Thursday, May 24, 2018

Careful What You Wish For


Prescription drug costs are certainly in the public interest. Can the costs be lowered? If so, how?

Today Dick Morris advocated prohibiting drug companies from advertising.


Sorry Dick, you have your head up your ass. The 1st Amendment gives them the right to advertise. Slippery slope there, what other industry can be prohibited in the name of the flavor of the moment?

What can we, as consumers, do? For one, ask your care provider for a generic drug if that is a effective.

I’m not an advocate for tobacco products. That said, the “War” on Big Tobacco always struck me as an attack on our liberty.

YMMV

Tuesday, May 22, 2018

Summer Time, And The Hail Is A'coming


Time to shift my vehicle preparations. 

The frost screen stays in back of  the seat to go over the sun shade.

 

If hail is on the way, the sun shade, mounted outside, saves the windshield. The frost screen goes over the sun shade to keep it in place.

May 22, 2008 a tornado passed over Windsor, CO. A truck I owned was nearby and beaten up by softball sized hail.


That started me considering ways to minimize damage.

Body dents don’t bother me but glass replacement often exceeds what the vehicle is worth when you  are as cheap as I am. Not to mention not being able to drive anywhere with a spider web windshield.

Sunday, May 20, 2018

Mt. St. Helens


Flying into an ash plume as a passenger on a Northwest Airlines B-727 wasn’t on my bucket list in 1981. Mt. St Helens blew on May 18, 1980. In the following months, smaller eruptions from time to time would send ash plumes several thousand feet high. Prevailing winds from the West sent the plumes away from the coast.


Returning from Portland to Seattle one afternoon, the mountain was active. Sometime during our taxi and departure the wind shifted and the plume drifted toward the ocean. Typical Portland weather, overcast with tops around 12,000. Somehow we flew into the ash plume.

Being an airline passenger as a General Aviation pilot is a mixed blessing. You can enjoy the view and the ride but detect problems much sooner than the other passengers.

On this flight I was puzzled we hadn’t broken out of the overcast. Usual flights to Seattle climbed to 19,000 or so.  Then we descended below the clouds and appeared to be on a base leg for landing at Olympia, WA. Another course change and we headed North at about 2,000 AGL. Very strange! No cabin announcements. The plane landed at Sea-Tac and taxied to the gate.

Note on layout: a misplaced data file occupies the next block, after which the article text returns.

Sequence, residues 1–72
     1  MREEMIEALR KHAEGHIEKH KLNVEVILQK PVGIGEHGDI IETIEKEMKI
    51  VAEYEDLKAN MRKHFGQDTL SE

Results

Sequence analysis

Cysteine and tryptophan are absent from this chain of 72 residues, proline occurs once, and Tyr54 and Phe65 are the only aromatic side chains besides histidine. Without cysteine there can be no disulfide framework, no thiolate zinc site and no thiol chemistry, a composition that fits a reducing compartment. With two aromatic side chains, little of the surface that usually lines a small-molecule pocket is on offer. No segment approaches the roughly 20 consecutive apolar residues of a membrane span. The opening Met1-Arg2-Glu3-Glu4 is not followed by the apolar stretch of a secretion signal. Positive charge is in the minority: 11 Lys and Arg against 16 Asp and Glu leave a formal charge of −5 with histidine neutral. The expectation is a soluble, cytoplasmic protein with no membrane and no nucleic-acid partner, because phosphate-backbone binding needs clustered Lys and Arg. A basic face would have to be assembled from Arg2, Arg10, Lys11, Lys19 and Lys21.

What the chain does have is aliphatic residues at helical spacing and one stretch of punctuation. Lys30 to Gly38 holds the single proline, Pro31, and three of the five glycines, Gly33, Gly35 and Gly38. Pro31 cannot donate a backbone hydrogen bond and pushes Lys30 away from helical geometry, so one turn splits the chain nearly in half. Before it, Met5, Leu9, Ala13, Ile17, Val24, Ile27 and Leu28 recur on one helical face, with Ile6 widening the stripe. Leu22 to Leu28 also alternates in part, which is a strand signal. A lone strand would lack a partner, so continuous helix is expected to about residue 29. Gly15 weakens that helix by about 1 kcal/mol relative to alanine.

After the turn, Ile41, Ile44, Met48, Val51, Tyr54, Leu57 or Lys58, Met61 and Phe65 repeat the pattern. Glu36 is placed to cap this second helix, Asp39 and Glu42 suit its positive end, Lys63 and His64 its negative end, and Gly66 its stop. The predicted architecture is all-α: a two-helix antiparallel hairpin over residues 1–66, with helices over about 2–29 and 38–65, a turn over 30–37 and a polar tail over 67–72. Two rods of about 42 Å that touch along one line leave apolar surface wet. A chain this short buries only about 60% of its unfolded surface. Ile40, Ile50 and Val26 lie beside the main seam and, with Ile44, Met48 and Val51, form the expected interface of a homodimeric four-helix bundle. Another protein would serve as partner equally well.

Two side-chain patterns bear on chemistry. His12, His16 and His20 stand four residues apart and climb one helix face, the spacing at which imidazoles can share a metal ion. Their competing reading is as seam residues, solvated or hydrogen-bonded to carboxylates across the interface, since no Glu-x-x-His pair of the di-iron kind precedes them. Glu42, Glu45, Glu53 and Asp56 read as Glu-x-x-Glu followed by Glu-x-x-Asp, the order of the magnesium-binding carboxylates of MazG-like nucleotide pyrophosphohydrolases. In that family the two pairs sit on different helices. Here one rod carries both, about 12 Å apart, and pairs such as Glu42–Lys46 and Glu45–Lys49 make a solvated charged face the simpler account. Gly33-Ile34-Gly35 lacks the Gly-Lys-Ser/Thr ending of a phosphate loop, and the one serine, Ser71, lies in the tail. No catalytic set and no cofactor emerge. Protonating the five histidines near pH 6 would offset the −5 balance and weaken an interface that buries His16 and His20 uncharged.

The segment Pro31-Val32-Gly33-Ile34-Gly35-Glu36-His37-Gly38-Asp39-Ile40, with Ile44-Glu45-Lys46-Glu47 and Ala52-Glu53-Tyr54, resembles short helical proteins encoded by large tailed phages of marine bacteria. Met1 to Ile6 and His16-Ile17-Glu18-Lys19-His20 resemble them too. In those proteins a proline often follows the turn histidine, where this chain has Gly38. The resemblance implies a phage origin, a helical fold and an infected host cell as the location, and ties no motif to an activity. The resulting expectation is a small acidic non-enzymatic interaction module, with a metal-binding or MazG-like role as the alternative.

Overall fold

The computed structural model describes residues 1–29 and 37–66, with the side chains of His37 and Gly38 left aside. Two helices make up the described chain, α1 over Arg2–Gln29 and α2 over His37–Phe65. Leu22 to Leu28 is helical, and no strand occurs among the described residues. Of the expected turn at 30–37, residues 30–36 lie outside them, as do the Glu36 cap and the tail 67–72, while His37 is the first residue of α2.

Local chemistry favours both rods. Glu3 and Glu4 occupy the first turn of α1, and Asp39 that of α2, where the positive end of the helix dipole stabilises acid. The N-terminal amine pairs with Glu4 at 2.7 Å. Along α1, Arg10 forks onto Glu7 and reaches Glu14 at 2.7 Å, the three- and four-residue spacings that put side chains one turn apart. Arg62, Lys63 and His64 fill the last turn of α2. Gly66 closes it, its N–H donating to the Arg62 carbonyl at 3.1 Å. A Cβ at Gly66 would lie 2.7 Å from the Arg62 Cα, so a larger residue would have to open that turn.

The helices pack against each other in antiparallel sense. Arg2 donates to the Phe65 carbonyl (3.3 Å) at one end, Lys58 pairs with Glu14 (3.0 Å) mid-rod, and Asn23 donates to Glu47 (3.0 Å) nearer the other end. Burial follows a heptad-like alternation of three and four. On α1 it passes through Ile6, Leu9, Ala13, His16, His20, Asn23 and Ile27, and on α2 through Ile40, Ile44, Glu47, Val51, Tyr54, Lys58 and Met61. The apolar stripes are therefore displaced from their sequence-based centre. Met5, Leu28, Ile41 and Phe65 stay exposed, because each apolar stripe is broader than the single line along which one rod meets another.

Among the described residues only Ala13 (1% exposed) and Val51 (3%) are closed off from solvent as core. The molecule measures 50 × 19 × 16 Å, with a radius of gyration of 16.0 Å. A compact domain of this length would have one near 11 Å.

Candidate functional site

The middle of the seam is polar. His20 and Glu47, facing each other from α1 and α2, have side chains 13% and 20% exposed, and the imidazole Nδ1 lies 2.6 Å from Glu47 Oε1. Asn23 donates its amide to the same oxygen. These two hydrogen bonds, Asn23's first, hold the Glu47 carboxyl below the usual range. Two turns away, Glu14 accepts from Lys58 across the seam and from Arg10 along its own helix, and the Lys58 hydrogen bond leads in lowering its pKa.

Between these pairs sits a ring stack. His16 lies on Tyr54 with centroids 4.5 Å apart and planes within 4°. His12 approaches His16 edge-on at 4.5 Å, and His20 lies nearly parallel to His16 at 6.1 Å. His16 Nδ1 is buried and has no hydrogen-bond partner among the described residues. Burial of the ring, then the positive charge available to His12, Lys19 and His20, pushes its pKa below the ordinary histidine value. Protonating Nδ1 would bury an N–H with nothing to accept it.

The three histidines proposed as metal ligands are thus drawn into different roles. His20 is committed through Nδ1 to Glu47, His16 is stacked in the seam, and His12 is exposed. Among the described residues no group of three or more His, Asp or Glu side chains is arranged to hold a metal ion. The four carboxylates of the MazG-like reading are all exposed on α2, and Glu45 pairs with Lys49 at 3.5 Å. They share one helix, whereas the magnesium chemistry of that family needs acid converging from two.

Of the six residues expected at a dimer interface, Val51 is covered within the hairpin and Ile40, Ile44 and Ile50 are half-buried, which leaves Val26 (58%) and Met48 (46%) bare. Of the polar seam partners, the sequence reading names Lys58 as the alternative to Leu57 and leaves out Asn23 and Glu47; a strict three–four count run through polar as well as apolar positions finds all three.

I made it a point to walk where I could see the 727. There was no paint on the nose or the engine inlets. The cockpit windows appeared to be frosted. I think the crew earned their pay that day!

Thursday, May 17, 2018

Bitching



While making no claims for great intellect, I am irritated by laziness and stupidity. Previous posts have detailed problems with my camping trailer.

For curiosity sake, I put an ad on Craigslist. Included were several pictures and a YouTube link showing a similar trailer being unfolded and set up.

https://www.youtube.com/watch?v=ZzjW9ZnxsXw

 Pictures included were of  my trailer erected and pictures of the broken attachment.

A price was included along with a, “Will trade for IIA items”. Craigslist frowns on firearm sales.

Responses? Questions as to what IIA means. I answer, “2  Amendment”. Then a follow up question as to what 2 Amendment means. WTF????

Latest response.

“Hi, I’m interested in your trailer. Can you give me more information?”

 I haven’t responded. Gad, reminds me of stupid people at the car lot.

My youngest son made a snarky remark on my Facebook page about JB Weld, floor jacks, and redneck repairs. Can’t bitch slap him 1200 miles away but he started me thinking about epoxy and a metal bar. Take the bracket off the frame, epoxy it on top of a metal strip, then epoxy the metal strip to the frame. 


You can take the boy off the ranch but ……………